There is a classic Saturday Night Live commercial where a bunch of guys wearing designer jeans are chatting away and every comment is an epically bad idea. It was meant as a spoof of that era’s television commercials, but it also works amazing as a lead-in to uncomfortable topics. So, I figured I was wearing Bad Idea Jeans when I thought of politics and renewable energy as a discussion point, but it turns out renewable energy is increasingly bipartisan (yes, I just said that).

The December 27th stimulus bill included several extensions and additions to the tax credits available for renewable energy.  For example, the solar investment tax credit (ITC) was extended for two years, a positive not only for solar projects but also for things like fuel cells and microturbines.  A standalone ITC was also created for offshore wind, which should help advance a renewable sub-sector that has much promise given offshore wind resources tend to be better than onshore.  Similarly, the electricity production tax credit (PTC) was extended for one year, which mostly benefits wind generation though is also a positive for biomass, geothermal, landfill gas and more.  For a bill that was stripped of its most controversial pieces to ensure passage, the fact these renewable incentives remained is a testament to the increasingly bipartisan nature of renewable energy policy initiatives.

A glance at the map below implies renewable energy is touching just about everyone in the United States.  Not lost on our political leaders is this growth also translates to more jobs and tax revenues, and thus support for renewable energy reaches across political lines.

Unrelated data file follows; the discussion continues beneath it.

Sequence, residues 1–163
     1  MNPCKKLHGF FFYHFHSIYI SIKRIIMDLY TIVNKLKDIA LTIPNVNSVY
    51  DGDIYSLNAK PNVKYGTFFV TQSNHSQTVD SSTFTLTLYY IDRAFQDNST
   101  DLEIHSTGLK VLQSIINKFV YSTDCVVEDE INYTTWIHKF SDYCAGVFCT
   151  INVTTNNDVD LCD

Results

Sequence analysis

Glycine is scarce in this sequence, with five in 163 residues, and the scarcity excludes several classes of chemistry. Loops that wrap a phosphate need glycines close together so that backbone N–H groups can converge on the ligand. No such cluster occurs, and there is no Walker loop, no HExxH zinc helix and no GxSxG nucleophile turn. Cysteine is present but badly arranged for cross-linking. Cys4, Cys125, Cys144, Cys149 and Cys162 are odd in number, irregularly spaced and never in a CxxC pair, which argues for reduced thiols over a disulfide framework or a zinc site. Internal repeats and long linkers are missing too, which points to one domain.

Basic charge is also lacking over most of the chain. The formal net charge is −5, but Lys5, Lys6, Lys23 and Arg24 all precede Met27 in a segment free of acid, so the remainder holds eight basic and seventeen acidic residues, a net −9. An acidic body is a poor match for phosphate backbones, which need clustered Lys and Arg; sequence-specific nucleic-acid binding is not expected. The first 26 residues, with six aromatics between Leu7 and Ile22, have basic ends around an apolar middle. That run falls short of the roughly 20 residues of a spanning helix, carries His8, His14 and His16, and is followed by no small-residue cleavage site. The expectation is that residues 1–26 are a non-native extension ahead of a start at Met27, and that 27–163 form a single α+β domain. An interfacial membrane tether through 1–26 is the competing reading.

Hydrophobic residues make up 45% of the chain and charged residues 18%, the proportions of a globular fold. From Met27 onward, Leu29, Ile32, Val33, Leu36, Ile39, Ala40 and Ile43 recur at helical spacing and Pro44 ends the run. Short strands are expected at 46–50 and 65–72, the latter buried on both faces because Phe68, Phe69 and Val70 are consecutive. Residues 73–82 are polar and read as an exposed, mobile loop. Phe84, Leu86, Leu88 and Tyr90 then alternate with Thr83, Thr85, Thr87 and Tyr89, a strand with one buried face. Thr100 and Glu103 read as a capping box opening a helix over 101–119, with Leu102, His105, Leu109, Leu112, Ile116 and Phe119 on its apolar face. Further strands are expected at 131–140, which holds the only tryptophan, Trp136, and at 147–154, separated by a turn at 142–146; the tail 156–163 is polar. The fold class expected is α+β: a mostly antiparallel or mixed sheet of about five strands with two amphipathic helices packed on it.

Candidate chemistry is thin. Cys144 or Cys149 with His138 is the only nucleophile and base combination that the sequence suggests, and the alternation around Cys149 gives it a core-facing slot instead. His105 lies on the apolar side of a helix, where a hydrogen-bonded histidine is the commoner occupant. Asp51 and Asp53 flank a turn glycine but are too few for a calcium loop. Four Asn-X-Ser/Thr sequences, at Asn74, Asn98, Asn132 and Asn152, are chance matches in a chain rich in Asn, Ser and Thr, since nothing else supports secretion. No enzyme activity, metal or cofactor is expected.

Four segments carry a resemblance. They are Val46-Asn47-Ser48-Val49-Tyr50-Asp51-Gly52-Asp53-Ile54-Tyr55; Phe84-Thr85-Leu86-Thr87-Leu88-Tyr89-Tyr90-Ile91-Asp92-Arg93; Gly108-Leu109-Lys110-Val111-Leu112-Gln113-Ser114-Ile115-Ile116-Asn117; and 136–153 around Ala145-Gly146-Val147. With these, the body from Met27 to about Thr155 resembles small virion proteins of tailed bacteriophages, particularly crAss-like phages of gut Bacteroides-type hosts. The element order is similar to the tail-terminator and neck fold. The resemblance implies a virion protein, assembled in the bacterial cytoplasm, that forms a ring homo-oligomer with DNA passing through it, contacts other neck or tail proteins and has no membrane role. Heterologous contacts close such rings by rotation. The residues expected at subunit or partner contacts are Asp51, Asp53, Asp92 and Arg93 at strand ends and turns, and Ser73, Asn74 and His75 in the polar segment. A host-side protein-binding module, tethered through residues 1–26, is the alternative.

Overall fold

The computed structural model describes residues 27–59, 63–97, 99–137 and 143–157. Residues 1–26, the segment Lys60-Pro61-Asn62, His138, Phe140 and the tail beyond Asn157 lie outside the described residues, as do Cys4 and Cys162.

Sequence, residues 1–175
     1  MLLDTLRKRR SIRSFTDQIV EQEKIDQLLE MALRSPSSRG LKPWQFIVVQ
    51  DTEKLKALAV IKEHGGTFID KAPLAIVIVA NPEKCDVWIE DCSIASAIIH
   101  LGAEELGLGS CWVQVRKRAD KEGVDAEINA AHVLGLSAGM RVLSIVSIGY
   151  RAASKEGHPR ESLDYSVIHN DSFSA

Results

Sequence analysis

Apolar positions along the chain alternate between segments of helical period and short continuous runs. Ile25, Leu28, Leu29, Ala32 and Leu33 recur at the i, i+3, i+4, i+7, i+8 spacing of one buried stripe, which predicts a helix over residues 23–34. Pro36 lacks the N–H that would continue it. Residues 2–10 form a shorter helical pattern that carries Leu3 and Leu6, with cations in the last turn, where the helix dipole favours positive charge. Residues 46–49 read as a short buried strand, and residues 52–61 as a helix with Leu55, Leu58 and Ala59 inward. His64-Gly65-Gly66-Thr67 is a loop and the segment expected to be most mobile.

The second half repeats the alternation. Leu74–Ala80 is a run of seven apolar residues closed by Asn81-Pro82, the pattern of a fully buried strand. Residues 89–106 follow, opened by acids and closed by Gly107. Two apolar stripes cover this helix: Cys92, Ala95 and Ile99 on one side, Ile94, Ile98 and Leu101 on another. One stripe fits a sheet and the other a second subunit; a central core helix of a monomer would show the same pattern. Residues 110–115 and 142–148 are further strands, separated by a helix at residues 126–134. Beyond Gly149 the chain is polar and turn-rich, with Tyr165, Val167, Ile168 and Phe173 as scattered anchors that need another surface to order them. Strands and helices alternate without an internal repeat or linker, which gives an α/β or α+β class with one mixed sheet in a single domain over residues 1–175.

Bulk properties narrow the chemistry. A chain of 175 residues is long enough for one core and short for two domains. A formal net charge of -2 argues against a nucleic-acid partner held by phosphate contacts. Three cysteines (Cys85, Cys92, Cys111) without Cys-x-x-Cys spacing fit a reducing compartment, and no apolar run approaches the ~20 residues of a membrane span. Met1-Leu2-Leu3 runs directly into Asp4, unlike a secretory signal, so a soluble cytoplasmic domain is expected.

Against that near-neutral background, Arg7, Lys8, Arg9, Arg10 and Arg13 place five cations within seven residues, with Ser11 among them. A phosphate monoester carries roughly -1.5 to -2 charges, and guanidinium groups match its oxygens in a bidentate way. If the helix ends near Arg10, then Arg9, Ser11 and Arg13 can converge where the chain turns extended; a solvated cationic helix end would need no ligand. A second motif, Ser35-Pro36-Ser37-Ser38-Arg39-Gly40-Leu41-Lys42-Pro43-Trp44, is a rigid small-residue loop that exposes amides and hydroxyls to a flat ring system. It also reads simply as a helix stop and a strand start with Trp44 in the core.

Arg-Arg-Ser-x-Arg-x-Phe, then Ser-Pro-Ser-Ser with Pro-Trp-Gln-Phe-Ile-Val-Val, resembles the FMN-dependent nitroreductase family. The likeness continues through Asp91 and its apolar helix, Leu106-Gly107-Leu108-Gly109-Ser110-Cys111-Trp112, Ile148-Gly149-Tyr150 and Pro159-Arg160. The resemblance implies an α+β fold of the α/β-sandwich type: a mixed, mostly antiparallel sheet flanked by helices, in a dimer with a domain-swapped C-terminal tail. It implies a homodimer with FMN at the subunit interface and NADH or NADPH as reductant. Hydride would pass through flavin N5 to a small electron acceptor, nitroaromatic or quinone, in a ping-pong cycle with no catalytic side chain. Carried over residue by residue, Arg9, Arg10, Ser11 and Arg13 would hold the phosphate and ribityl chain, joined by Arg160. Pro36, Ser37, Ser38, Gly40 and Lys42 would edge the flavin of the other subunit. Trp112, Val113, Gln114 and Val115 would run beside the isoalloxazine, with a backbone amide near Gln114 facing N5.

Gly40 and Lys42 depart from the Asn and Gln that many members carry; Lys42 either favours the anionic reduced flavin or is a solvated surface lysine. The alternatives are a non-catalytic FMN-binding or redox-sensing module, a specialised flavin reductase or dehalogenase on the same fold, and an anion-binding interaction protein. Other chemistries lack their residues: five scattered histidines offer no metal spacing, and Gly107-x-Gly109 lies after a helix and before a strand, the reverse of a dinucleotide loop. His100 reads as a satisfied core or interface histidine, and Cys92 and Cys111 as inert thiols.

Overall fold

Source: U.S. Department of Energy

As an example, the table below ranks 2019 production by state for wind and solar.  The top four wind producers in the United States make up 54% of total wind production and are considered red (Republican) states.  Similarly, three of the top five solar producers that represent 53% of total solar production are considered blue (Democratic) states.  This makes it easy for Politician A to say to Politician B if you scratch my back on solar, I’ll scratch yours on wind.

Source: U.S. Department of Energy

This brings us back to a core driver of the de-carbonization movement, which is the virtuous cycle of renewables adoption. Public policy sets the stage by providing incentives for technological innovation that lowers costs and encourages incremental public policy. There is little that can stop us as a society when we (Political Class + Main Street + Wall Street) work together.

RENEW Performance Tracker

*Source: Bloomberg. Please review disclosure information at the end of this post

Renewables Roundup

Data Dispatch: US Renewable Pipeline Poised To Add 172.5 GW Through 2024

In Pursuing Historic Climate Change Agenda, Biden May Find Surprising Ally

The Biggest Battery Breakthroughs Of 2020

In Boost for Renewables, Grid-Scale Battery Storage Is On The Rise

Green Boom’s Hottest 2021 Trade May Turn Out To Be Utilities

Why You Should Invest In Green Energy Right Now